Politics In Real Life: Paid Family Leave A Big Concern, Not A Top Campaign Issue

Nancy Glynn, 27, called it her “NICU diet,” but it wasn’t about weight loss. It was about financial survival.

When her son, Hunter, was born two months premature, he was 2 pounds, 10 ounces and fighting for his life. Hunter was in the neonatal intensive care unit, or NICU, for more than a month.

The “diet” comes in because Glynn, a waitress, couldn’t afford to buy meals in the hospital cafeteria. In large part, that’s because that whole time she was out of work, she wasn’t getting paid, and — because Hunter was premature — she and her husband hadn’t had as much time to save up …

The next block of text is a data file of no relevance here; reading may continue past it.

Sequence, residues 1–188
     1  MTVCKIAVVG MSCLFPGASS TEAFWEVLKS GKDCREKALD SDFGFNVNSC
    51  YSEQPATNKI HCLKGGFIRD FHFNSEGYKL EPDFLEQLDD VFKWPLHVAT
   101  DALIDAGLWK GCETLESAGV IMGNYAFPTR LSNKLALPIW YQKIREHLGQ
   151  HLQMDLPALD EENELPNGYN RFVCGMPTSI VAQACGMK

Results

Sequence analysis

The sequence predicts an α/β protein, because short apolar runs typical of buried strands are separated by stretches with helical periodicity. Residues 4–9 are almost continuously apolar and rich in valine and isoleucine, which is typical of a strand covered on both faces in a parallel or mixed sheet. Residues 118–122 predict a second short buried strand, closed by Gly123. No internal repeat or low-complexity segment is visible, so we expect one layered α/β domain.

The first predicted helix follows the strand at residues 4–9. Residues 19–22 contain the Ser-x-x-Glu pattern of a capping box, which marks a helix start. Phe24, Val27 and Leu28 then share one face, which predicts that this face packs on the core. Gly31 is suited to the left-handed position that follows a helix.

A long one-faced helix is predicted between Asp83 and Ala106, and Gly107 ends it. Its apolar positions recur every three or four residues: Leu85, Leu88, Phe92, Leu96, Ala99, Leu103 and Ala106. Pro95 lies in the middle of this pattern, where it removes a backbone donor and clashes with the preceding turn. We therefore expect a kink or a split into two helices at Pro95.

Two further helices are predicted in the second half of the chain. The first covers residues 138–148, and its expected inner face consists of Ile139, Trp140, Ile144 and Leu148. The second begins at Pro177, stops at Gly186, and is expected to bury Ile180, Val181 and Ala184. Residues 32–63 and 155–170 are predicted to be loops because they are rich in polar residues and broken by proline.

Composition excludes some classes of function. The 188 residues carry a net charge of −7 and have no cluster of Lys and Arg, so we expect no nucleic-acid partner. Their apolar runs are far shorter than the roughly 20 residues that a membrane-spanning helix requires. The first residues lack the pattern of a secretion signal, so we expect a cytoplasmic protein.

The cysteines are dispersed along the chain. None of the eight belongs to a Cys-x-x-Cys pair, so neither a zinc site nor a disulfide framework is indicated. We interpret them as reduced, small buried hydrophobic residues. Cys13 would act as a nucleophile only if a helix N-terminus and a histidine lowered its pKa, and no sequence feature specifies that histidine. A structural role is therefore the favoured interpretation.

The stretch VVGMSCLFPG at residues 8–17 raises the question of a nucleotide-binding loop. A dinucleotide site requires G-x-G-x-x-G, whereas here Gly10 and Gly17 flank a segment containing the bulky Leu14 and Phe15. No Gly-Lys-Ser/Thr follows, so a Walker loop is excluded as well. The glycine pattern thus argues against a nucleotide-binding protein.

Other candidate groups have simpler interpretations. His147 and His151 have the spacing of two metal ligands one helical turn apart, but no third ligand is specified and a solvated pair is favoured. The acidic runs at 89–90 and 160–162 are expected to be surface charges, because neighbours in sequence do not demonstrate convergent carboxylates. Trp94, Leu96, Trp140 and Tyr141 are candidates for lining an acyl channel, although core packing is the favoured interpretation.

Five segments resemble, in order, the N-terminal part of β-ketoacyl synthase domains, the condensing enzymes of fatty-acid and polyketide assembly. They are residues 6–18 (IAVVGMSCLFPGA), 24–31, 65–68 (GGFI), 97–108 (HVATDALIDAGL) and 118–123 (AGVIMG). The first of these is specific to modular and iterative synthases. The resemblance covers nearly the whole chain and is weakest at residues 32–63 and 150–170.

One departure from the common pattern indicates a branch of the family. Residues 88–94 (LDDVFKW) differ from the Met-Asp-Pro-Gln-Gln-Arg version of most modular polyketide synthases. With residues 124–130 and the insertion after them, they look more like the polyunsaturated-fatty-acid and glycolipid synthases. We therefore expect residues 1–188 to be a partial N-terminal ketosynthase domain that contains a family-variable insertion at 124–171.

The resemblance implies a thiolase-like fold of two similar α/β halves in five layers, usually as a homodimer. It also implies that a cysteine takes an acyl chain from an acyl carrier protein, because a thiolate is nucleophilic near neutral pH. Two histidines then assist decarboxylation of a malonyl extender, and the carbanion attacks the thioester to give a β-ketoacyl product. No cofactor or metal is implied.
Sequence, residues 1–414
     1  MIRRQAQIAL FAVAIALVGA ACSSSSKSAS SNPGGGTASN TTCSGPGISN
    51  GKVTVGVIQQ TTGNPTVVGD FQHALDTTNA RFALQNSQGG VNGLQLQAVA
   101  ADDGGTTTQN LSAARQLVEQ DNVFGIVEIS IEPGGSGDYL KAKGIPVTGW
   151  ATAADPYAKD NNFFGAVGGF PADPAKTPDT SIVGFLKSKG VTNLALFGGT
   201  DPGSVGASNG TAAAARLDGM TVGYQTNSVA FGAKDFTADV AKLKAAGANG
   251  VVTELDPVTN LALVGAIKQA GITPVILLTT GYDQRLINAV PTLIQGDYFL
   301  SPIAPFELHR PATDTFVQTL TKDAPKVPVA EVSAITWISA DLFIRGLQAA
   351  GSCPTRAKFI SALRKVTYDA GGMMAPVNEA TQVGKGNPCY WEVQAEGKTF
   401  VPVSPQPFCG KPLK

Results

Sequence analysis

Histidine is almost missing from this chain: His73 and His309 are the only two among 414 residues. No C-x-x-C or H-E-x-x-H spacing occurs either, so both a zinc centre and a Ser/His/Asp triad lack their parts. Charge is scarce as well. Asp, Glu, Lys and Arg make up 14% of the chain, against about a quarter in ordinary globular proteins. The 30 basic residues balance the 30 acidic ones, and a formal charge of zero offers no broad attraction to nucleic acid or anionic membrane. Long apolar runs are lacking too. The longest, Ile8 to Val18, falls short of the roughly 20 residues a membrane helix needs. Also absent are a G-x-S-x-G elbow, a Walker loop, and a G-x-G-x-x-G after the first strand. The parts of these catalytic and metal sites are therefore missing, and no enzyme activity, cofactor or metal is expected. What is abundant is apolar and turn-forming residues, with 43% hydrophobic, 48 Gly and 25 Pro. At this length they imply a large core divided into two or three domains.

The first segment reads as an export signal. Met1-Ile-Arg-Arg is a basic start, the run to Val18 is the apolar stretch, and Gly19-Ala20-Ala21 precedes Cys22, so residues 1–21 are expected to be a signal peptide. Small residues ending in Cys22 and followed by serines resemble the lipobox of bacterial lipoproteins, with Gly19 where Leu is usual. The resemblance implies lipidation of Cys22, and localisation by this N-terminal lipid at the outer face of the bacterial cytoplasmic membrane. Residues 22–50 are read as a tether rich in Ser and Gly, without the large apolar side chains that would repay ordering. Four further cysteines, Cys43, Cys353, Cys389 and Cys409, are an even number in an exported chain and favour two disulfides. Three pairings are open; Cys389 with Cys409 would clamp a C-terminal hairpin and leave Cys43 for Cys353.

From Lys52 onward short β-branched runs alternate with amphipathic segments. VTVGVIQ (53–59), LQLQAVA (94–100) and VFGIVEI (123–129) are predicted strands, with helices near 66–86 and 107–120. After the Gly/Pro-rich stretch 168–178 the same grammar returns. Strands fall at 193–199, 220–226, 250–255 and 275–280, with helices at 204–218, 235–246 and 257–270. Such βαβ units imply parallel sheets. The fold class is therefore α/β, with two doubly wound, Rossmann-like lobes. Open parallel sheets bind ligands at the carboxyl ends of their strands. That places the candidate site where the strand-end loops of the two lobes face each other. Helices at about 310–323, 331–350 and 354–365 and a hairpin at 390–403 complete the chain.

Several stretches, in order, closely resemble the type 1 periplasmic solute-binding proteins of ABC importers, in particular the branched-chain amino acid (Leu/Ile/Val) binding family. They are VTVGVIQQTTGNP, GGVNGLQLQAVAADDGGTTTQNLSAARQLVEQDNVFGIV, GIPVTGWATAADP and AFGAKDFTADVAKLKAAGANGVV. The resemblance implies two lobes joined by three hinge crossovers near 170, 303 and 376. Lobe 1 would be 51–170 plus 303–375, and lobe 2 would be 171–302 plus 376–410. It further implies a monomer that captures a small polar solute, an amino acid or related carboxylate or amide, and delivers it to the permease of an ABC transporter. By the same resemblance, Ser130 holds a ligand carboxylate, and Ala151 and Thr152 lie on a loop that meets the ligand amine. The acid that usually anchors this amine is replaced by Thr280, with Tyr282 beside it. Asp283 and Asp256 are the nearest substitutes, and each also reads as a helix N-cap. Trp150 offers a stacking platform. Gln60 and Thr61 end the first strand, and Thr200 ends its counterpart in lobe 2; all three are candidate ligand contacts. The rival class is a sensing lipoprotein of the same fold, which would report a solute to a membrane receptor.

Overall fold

Paid Family Leave has become a frequent topic of conversation — at the playground, in corporate human resources offices and in state and local government. On the campaign trail, it easily gets lost. That’s despite broad public support and candidates on both sides of the aisle who have raised proposals for it.

Public support for a federal paid family leave program is widespread and bipartisan. A poll taken earlier this year for the National Partnership for Women and Families found 76 percent of likely 2016 voters say they favor the creation of a federal fund for paid family and medical leave. But it doesn’t rank on lists of top issues weighing on the minds of voters.

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